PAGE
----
In this, the idyllic garden spot of
In successive seasons Estay sacked
two serious Heisman Trophy contenders. In 1970 he nailed Ole Miss' Archie
Manning in the end zone, and a year later he got
That's one of those rare When Circumatances Meet Opportunity feats.
The Sports Hall of Fame has always
seemed a barometer of just how much LSU sports means to
Yet LSU athletes almost dominate the Hall. Some of it, of course, has to do with longevity as a major power, but some also has to do with serious accomplishment. Of the 236 people inducted since 1959, 51, almost a third, are associated with LSU. The number rises, of course, with Estay and Martin. The next closest program is Tulane with 18.
The Tiger flavor began at the start
when Gaynell "Gus'' Tinsley was inducted in the Hall's first class, in 1959. For
decades Tinsley, an end, was considered the greatest Tiger football player of
them all. Bernie Moore, who coached LSU in the 30s when Tinsley starred, and was
later the commissioner of the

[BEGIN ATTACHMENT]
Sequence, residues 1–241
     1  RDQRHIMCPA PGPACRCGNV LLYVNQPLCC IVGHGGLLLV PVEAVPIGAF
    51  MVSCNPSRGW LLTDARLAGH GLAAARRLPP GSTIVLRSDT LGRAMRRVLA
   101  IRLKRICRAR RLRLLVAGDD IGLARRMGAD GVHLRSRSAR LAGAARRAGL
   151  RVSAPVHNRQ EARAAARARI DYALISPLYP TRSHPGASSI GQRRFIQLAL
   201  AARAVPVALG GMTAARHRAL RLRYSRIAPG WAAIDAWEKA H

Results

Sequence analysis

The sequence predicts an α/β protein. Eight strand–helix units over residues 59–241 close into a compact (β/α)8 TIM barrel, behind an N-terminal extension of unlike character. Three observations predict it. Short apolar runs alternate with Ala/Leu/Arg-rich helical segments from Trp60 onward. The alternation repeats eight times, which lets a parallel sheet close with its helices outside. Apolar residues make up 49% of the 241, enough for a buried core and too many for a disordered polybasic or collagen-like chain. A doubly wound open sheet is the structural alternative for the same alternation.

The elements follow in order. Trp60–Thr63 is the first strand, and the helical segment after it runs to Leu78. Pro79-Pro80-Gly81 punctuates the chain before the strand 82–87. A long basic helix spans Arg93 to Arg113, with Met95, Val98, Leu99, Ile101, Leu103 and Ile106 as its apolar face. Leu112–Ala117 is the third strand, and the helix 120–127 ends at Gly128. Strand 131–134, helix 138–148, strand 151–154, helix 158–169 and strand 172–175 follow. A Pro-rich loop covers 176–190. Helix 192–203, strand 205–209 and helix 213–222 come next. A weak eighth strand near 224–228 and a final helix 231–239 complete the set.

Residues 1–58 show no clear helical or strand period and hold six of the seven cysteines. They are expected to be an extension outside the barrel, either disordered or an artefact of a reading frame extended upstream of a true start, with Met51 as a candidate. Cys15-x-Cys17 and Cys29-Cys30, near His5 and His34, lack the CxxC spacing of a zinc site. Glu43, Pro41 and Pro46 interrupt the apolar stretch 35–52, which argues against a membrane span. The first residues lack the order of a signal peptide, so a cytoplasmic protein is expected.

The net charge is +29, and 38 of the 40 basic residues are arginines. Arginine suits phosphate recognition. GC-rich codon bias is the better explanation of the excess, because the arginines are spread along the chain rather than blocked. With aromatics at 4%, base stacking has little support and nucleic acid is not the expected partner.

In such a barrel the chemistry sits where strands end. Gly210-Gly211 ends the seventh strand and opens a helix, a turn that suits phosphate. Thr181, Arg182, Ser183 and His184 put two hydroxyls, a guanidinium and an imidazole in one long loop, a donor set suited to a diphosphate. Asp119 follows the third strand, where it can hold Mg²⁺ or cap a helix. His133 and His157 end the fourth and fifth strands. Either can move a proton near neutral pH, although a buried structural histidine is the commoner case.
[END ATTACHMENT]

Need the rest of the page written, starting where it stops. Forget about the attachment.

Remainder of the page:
The greatest lineman I ever saw.'' The sports editor of the Baton Rouge Morning Advocate, a man not easily impressed, concurred, adding that for that era Tinsley was also the strongest. "Once I saw him stand flatfooted in front of (tackle) Paul Miller on the practice field,'' Montet is quoted as saying, "and raise Miller straight off the ground with one hand. I still don't believe it. Miller must have weighed about 230.''
Of course, it would be virtually impossible for any complete team to be inducted en masse, but there is one. LSU's famed five-man track team that won the 1933 NCAA track championship are all in, voted in individually in different years. The last to make it was pole vaulter Matt Gordy who was inducted in 1985. Yet Gordy was the epitome of an athlete rising to the occasion. The championship came down to him.
Think of the drama: Glenn "Slates''
Hardin had won the 440-yard dash with a meet record 47.1 seconds and set a world
record in the 220-yard low hurdles in 22.9 seconds; Jack Torrance set a world
record in the shot put with 52-10 and also placed third in the discus. Al Moreau
placed in both hurdle events and Buddy Blair was fourth in the javelin, giving
LSU a 49-47 lead over
With a vault of 14 feet 4 ¼,
But on his last attempt, Gordy jack-knifed over the crossbar to share first place with Graber, and give LSU the winning points.
Stories like that one, and Estay's, always have an audience.
The crowds will be gathering to hear them shortly.
Marty Mule' is a veteran journalist
and a former Times-Picayune sports writer based in Mandeville. Mule' will be
inducted into the